Plastic Wars

Plastic Wars


FRONTLINE and NPR team up to examine a mounting crisis: plastic waste in the environment. Despite efforts spreading across the country to reduce the use of plastic, the plastics industry is rapidly scaling up new production and promoting a familiar solution: recycling. But it’s estimated that no more than 10 percent of plastic produced has ever been recycled. Plastic Wars, a joint investigation from FRONTLINE and NPR, reveals how plastic makers for decades have publicly promoted recycling, despite from almost the beginning privately expressing doubts that widespread plastic recycling would ever be economically viable.

Top industry executives speak publicly for the first time, detailing the plastics industry’s strategy to promote recycling in the 1980s and 1990s. Along with a trove of internal documents uncovered by producer Rick Young, correspondent Laura Sullivan and their team, these insider accounts shed new light on the industry’s efforts to overcome growing concern about plastic waste by pushing recycling.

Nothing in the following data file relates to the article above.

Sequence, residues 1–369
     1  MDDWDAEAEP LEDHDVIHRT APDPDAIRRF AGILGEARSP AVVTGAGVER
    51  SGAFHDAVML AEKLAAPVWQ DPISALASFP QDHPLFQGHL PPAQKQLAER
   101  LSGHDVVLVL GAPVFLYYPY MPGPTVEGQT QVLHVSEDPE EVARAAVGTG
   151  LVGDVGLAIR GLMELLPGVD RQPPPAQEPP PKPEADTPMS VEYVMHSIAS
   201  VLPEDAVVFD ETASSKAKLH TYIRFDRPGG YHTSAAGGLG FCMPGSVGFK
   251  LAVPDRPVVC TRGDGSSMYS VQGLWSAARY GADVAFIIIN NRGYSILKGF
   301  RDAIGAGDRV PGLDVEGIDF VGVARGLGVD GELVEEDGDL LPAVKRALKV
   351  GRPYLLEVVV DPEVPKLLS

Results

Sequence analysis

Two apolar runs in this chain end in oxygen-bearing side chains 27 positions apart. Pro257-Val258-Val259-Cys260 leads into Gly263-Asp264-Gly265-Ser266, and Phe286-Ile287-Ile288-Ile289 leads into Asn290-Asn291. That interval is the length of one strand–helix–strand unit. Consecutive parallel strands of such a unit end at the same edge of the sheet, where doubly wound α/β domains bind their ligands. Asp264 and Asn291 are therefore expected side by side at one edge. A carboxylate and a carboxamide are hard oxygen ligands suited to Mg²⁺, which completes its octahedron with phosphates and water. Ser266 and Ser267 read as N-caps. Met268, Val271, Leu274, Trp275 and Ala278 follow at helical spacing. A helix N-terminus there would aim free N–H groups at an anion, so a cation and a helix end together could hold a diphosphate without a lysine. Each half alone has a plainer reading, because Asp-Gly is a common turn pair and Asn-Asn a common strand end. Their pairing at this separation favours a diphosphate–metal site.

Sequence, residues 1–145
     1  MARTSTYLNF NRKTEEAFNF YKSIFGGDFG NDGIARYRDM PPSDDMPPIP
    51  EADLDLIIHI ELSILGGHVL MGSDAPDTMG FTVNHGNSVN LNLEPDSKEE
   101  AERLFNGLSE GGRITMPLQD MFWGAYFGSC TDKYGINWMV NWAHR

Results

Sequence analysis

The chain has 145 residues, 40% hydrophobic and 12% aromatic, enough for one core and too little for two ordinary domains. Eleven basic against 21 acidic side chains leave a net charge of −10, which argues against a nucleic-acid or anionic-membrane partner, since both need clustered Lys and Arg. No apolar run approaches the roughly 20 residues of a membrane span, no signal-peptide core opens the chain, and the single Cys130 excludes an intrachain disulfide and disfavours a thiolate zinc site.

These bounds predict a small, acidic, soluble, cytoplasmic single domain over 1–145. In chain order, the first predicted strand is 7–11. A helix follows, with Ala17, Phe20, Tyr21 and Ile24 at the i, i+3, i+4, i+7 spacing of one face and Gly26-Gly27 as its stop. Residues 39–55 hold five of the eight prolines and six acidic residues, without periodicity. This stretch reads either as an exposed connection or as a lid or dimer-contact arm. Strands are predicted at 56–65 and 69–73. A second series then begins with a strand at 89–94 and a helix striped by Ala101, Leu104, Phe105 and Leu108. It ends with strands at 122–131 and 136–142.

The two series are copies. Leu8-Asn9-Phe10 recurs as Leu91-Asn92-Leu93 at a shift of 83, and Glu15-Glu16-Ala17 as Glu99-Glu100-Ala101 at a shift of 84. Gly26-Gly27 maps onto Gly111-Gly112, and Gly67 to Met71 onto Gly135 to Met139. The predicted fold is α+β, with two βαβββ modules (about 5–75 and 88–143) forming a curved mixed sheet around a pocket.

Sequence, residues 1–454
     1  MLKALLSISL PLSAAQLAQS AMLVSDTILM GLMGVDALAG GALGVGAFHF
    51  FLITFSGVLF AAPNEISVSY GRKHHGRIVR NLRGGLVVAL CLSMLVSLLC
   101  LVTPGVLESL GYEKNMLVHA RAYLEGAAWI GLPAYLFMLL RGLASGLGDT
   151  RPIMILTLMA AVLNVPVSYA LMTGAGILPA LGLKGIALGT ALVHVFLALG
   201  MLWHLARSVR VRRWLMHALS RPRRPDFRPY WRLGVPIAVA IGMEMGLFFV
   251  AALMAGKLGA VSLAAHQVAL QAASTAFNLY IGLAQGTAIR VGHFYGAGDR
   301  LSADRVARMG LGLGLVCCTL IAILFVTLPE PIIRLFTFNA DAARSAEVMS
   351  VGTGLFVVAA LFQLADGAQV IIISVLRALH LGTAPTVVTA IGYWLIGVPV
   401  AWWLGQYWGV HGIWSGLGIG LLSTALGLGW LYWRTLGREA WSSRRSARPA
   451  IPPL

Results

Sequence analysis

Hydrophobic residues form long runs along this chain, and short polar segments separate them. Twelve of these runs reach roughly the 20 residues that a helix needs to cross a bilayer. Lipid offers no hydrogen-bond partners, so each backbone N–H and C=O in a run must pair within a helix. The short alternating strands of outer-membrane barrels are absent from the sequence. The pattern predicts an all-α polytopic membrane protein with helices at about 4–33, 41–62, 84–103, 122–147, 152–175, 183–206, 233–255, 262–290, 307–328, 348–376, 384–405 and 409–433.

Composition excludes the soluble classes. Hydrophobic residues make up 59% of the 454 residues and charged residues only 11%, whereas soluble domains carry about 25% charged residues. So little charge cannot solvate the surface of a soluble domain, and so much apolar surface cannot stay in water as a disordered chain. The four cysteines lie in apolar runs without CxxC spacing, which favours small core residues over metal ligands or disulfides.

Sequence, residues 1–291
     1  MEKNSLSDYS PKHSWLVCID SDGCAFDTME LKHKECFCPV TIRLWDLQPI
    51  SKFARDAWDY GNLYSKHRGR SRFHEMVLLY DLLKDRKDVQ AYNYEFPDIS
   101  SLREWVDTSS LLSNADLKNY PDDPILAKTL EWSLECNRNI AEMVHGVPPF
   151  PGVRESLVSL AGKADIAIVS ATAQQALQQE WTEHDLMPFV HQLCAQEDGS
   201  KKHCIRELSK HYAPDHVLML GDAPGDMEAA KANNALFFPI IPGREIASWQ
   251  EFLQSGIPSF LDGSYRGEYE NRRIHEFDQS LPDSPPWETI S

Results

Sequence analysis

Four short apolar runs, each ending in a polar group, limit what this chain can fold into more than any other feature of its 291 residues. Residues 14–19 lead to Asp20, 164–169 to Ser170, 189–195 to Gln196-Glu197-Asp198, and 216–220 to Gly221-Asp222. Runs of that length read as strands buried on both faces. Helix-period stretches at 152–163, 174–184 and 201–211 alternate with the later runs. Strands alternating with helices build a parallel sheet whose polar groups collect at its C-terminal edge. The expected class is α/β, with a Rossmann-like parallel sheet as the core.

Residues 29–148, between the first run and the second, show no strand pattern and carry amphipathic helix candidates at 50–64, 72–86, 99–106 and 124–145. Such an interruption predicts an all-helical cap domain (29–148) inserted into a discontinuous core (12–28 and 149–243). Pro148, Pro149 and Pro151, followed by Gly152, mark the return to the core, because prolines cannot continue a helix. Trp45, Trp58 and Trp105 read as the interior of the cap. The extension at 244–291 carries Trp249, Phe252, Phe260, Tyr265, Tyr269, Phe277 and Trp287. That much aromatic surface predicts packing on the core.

Plastic Wars explores how, in the ‘90s and 2000s, much of the waste generated was shipped overseas to be recycled in China. But in 2018, responding to its own pollution problems, China closed its doors to imports of plastic waste. With the China market closed, the FRONTLINE team travels to Indonesia to see where some of that plastic waste from the U.S. is ending up now—finding that some plastics that are supposed to be recycled are instead being dumped in Indonesian communities already struggling to clean up their own waste. This is a powerful look at one of the major environmental challenges of our time.  

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